When I first heard of the shooting at the Crystal Cathedral by a distraught fifty year old male employee I could not for the life of me think of anyone who worked there other than my boss who is no where close to fifty. My brain just could not focus but as the evening progressed I had a feeling I knew who had barricaded himself in the maze of offices under the Cathedral.
I cannot tell you how sad I am to read this morning that Johnnie Carl, the Crystal Cathedral orchestra director ended his own life despite the efforts of family, friends and the police. Death is never a satisfactory outcome but for some reason this feels heavier to me. It feels tragic.
There are a lot of people who work for the Cathedral but there are only a handful who are entrusted with managing the Sunday morning services. The montly group is made up of persons who are truly gifted in their area of expertise and Johnnie’s was orchestra. I’ve been around him long enough to know that while he may have been talking to you and carrying on a conversation a good part of his mind was arranging music. A few times he would break our discussion and start humming as if he had just snapped a final arrangement puzzle piece together. Each and every Sunday morning Johnnie was in front and to the left conducting the orchestra in his tuxedo.
Not being musically inclined I just observed his genius at work but there was something to Johnnie that I could easily identify with, his appreciation for the Macintosh. On a campus that is overwhelmingly PC based Johnnie stood out with his Dual G4 (mirror door) and large studio display. It was hooked up to a lot of beefy audio gear that I could not begin to recount in much detail except that it all had a ton of knobs, lights and meters. Despite all the technology, always scattered around his desk were arrangements and written notes on large sheet music. It always reminded me of scenes from the movie Amadeus.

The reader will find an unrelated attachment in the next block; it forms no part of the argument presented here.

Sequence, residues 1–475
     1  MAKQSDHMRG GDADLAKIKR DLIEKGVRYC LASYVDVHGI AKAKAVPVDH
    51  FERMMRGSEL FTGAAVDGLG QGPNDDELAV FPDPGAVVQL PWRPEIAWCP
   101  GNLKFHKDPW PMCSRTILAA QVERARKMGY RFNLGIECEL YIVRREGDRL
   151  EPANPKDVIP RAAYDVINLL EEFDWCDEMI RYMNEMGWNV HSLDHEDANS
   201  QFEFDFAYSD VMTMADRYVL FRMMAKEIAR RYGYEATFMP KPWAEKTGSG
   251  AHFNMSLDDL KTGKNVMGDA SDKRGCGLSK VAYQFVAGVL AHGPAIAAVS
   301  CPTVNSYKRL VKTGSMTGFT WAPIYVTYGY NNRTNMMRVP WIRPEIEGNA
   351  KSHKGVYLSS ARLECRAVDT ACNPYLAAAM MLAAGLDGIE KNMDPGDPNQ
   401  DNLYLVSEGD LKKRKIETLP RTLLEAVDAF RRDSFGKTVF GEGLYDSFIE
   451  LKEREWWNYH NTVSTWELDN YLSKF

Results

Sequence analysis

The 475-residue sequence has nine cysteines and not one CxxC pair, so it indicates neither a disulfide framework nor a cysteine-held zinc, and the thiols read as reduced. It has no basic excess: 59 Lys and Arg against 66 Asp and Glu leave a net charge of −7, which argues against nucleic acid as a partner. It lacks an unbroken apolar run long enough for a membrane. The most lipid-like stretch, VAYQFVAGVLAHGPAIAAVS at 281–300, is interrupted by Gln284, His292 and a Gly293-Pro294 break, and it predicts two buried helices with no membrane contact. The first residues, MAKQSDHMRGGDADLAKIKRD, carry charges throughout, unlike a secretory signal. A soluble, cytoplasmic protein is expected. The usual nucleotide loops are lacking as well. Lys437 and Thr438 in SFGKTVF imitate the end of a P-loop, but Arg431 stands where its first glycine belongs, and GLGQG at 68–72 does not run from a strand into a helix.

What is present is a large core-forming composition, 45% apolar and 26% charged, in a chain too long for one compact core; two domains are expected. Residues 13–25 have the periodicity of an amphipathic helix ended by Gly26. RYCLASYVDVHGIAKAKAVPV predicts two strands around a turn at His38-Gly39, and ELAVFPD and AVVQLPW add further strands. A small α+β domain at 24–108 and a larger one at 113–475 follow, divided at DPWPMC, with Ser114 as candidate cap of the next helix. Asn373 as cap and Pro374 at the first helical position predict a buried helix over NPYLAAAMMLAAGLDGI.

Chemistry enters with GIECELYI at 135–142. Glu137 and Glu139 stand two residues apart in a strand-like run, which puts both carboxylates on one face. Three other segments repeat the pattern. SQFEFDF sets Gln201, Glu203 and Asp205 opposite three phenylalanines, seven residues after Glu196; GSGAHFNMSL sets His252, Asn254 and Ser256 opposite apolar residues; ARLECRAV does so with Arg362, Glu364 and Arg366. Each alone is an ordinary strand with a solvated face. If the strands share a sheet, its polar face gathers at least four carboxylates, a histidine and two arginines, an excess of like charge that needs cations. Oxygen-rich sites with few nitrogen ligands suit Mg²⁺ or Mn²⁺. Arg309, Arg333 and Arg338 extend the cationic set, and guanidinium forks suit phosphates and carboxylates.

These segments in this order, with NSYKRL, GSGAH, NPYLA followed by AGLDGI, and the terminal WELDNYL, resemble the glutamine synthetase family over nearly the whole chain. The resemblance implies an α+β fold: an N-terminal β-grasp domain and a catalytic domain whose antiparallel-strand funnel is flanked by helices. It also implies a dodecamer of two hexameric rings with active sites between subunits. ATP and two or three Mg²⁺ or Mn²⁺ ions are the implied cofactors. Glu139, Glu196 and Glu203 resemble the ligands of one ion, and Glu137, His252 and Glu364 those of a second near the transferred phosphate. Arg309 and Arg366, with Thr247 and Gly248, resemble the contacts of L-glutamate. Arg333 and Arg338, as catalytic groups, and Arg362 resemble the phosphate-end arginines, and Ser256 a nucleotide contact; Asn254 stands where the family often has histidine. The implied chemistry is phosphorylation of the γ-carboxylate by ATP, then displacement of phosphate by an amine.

The last time I saw Johnnie was only a few days before I left the Cathedral back in August. He needed help installing a new network printer and the guys in MIS, of course, didn’t know how to do that on a Mac. As we clicked around to make things work, we both gave the MIS guy a hard time for making people use PCs.
And as I write this I just can’t believe he’s gone, not that we were close friends, it’s just so sad to see someone so talented take their own life and suddenly disappear.
God Bless Johnnie Carl and his family.